I like tofu. It's pretty versatile. There are arguments that it isnt a complete protein, but there are vegetarian body builders and it is possible to get all the aminos etc. by other means.

[b]Carbs are the only thing around that are readily available everywhere and I'm kind of nervous about eating them these days. If I don't get enough calories, but I still lift weights will my body take the energy from my muscles still?[/b]

Realistically, if you're eating 5-6 meals a day, you shouldnt really be having a "proper sized meal" at all. Smaller meals keep the nutriens and protein coming through the day, but the point is to get enough overall calories. If you don't eat enough, your body will cannibalize your muscle. You will not gain mass. That's simply how it works.

[b]- For weightlifting, I want to get slightly bigger, but not huge. I'd rather be toned. Actually, the size I'd be aiming for would be something like, I don't know, Sean William Scott (Stiffler from American Pie, for those who don't know who he is). Fairly big and toned, but not huge. Once I get to that ideal size and I want to start toning. Will I stick to one workout regiment from that point on or will I always have to shock my body in order to keep it cut? Should I drop cardio and let the muscle I gain burn the fat?[/b]

If you're not eating enough, I'd back off on some of the cardio, but getting enough protein is still going to be crucial to maintaining the muscle you have. Getting huge takes a lot of work unless you have extraordinary genes, so I wouldn't really concern myself with that. After you get to where you want to be, it's just maintenance. If you see loss in strength, eat more. If you see gain in fat, eat less. cardio can be increased or decreased in conjunction to optimize your results.

[b]- How should I go about getting to this size?[/b]

Eat more. seriously. You clearly don't like this answer, but that's what you need to do. Eat like a horse, train like a beast and sleep like a baby. If you gain to much fat, cut back.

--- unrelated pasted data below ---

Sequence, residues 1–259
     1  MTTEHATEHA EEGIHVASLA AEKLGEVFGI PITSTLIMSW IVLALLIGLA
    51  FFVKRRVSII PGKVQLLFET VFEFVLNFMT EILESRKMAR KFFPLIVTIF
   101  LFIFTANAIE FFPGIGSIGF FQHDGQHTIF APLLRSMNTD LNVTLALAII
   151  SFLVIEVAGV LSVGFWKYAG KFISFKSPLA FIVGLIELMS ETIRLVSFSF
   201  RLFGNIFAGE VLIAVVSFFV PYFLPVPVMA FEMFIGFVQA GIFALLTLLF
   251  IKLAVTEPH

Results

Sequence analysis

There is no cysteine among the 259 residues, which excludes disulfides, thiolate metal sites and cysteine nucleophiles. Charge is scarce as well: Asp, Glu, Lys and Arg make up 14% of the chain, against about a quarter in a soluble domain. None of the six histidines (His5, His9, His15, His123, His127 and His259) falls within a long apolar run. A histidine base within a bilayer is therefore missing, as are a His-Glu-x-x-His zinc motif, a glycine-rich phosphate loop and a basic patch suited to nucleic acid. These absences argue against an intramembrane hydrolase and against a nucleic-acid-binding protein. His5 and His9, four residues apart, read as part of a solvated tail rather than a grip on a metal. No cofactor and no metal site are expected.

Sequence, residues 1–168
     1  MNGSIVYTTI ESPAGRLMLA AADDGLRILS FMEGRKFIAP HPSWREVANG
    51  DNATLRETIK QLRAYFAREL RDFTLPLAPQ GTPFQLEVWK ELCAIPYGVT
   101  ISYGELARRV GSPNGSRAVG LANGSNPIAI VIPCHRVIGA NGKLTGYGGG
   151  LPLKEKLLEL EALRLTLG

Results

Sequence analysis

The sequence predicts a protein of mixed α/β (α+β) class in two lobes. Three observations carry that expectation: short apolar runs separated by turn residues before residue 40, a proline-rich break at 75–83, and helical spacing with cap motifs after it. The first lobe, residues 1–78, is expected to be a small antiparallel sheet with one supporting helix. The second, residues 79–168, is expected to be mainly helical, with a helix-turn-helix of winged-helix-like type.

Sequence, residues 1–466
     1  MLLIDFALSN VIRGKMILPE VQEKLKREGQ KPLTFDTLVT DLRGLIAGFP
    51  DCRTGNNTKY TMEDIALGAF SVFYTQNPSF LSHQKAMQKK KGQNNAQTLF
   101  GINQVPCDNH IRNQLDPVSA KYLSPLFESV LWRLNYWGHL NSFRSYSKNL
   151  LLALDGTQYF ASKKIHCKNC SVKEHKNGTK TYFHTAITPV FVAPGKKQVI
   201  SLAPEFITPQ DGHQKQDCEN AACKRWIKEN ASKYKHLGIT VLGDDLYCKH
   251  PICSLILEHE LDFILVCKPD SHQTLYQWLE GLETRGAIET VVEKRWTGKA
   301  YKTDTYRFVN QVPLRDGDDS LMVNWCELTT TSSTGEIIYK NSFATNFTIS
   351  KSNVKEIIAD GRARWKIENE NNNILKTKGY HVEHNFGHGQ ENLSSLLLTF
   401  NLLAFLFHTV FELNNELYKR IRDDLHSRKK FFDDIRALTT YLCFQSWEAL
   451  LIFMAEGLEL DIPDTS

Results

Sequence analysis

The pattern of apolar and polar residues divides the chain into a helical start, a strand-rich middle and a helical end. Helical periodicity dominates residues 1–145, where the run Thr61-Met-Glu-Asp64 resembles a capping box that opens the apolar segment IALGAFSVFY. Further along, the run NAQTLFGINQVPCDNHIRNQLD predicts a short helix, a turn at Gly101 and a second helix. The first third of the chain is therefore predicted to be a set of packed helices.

[b]- How many exercises for each muscle group should I perform in order to build them up?[/b]

Depends on the muscle group and the weight you're using and the exercise you're doing. There is no canned formula. You should be going heavy enough that 10 reps is difficult (I try to aim for 6-8 reps to failure) and on a split, 2 to 4 exercises each should be plenty, depending on the muscle group. If you're doing full body workouts each time, you only have time for 1 or 2.

[b]- What are the best types of food to eat late in the day (like 6-8)?[/b]

Keep it limited to protein if you can help it. That will help prevent storage as fat as your metabolism drops with lessened activity and eventually sleep.

[b]- How much should I eat after a workout?[/b]

Till you're not hungry? I have a protein shake immediately after lifting (~250 calories, protein and dextrose) and then a meal an hour or two later. The shake should be about 60/40 ratio of carbs/protein.

[b]- I realize everyone's bodily needs are different, but what would be a good sample of a proper healthy diet for one day that could give me relatively everything that I would need (calories, protein/carbs, etc). [/b]

Try this (adjust portions to fit your calorie needs)

Breakfast: oatmeal + whey
(also good right before lifting for sustained energy)

Snack: edamame (blanched soy beans) or rice and vlack beans w/ salsa.

Post workout shake: whey + sugar (I sometimes use whey and water and bring sweettarts)

Lunch: fish, spinach salad, sweet potato

Snack: hard boiled eggs

Dinner: beef, broccoli or other veg

Snack: jerkey?

It's really hard to give a sample menu without knowing what you eat, what you like, your schedule, whether or not you like to cook... theres a lot of variabes that could easily create the failure of even the best sample diet. You'd do a lot better deciding what foods you like and coming up with a good portion/calorie ratio that fits your needs. You might consider getting a personal trainer, also. You're looking for some pretty specific answers to very individualized issues. Hope that helps some.

[/quote]

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Keep your body lean, your blood clean and your mind sharp. -Rollins

[This message has been edited by Naxis (edited 08-13-2003).]